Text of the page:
You can view the documentation below, or browse our GitHub Repository, where you can contribute to FAQ Documents. For complete documentation, download the ClamAV Manual.

Interpreting Scan Alerts FAQ

ClamAV alerted on a file during a scan. What do I do?

ClamAV may have found a malicious or suspicious file. However, you’re probably asking yourself if the alert is a False Positive (FP). It may well be, so don’t just delete the file out-of-hand.

Online Research

First, consider the file itself and whether or not the alert makes sense. If you’re concerned, start by searching the name of the signature on Google. If FP’s are being reported, you may see others complaining about the same thing, or you may be able to get an understanding of what the signature is trying to find.

Technical Investigation

Second, if you’re technically inclined, you may want to try to read the signature details to understand how it works and what, specifically, it’s alerting on. Take heed, this investigation might leave you more confused than when you started. ClamAV doesn’t post write-ups on how each signature in-part because a good number of our signatures these days are generated automatically and not by a human mind.

  • Start by opening a command prompt in a new empty directory, for example:

    user@laptop:~$ mkdir /tmp/sigdump

    user@laptop:~$ cd /tmp/sigdump

  • Use the sigtool program to unpack the clamav databases into their separate components. Sigtool should be installed alongside clamscan, probably in /usr/local/bin/sigtool. The clamav databases are traditionally installed in /usr/local/share/clamav although if you installed from a package manager, your paths may vary:

    user@laptop:/tmp/sigdump$ sigtool -u /usr/local/share/clamav/main.cvd

    user@laptop:/tmp/sigdump$ sigtool -u /usr/local/share/clamav/daily.cvd # May be: daily.cld

    user@laptop:/tmp/sigdump$ sigtool -u /usr/local/share/clamav/bytecode.cvd # May be: bytecode.cld

  • Use ls to verify that you’ve successfully unpacked the databases:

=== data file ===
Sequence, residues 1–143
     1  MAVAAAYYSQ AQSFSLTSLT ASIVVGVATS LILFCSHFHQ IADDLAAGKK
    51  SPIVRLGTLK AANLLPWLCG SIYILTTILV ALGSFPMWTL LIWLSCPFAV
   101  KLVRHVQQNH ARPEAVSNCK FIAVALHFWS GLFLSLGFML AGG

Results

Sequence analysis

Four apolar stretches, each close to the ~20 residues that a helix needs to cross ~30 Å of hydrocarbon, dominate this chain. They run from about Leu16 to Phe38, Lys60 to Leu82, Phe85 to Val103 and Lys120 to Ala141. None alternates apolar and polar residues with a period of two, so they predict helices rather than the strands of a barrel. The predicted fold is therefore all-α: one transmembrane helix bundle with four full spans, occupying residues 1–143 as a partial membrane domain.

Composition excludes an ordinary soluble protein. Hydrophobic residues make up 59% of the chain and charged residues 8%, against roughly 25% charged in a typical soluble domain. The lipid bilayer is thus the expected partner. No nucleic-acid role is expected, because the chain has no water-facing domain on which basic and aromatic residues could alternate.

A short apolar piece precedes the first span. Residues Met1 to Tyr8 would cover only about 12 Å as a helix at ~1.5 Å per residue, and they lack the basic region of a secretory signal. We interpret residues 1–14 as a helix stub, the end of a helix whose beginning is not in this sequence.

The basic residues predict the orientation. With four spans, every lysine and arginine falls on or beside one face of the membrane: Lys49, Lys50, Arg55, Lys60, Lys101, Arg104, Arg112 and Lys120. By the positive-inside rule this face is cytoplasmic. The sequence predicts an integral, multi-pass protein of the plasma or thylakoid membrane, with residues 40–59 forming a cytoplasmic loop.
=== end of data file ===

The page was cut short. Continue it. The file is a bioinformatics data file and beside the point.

user@laptop:/tmp/sigdump$ ls

    3986187.cbc 3986230.cbc 3986303.cbc 4553522.cbc 6335443.cbc 6399052.cbc daily.cfg daily.msb 3986188.cbc 3986231.cbc 3986305.cbc 4970075.cbc 6335540.cbc 6404655.cbc daily.crb daily.msu 3986206.cbc 3986232.cbc 3986306.cbc 5044126.cbc 6335560.cbc 6428210.cbc daily.fp daily.ndb 3986212.cbc 3986233.cbc 3986310.cbc 5588995.cbc 6335564.cbc 6428556.cbc daily.ftm daily.ndu 3986214.cbc 3986234.cbc 3986321.cbc 5819336.cbc 6335669.cbc 6441308.cbc daily.hdb daily.pdb 3986215.cbc 3986235.cbc 3986322.cbc 5999914.cbc 6336023.cbc 6442366.cbc daily.hdu daily.sfp 3986216.cbc 3986236.cbc 3986327.cbc 5999936.cbc 6336035.cbc 6447941.cbc daily.hsb daily.wdb 3986217.cbc 3986242.cbc 3986328.cbc 6300337.cbc 6336074.cbc 6453673.cbc daily.hsu main.crb 3986218.cbc 3986244.cbc 3986334.cbc 6311970.cbc 6336259.cbc 6471051.cbc daily.idb main.fp 3986219.cbc 3986249.cbc 3986337.cbc 6316126.cbc 6336260.cbc 6497366.cbc daily.ign main.hdb 3986220.cbc 3986259.cbc 4306126.cbc 6324281.cbc 6336630.cbc 6539706.cbc daily.ign2 main.hsb 3986221.cbc 3986282.cbc 4306157.cbc 6327695.cbc 6336737.cbc 6566834.cbc 3986222.cbc 3986283.cbc 4307467.cbc 6329916.cbc 6336739.cbc 6614848.cbc daily.ldb main.mdb 3986223.cbc 3986289.cbc 4416867.cbc 6329917.cbc 6364361.cbc COPYING daily.ldu main.msb 3986224.cbc 3986292.cbc 4510302.cbc 6335400.cbc 6380163.cbc daily.mdb main.ndb 3986229.cbc 3986301.cbc 4526683.cbc 6335427.cbc 6395243.cbc daily.cdb daily.mdu main.sfp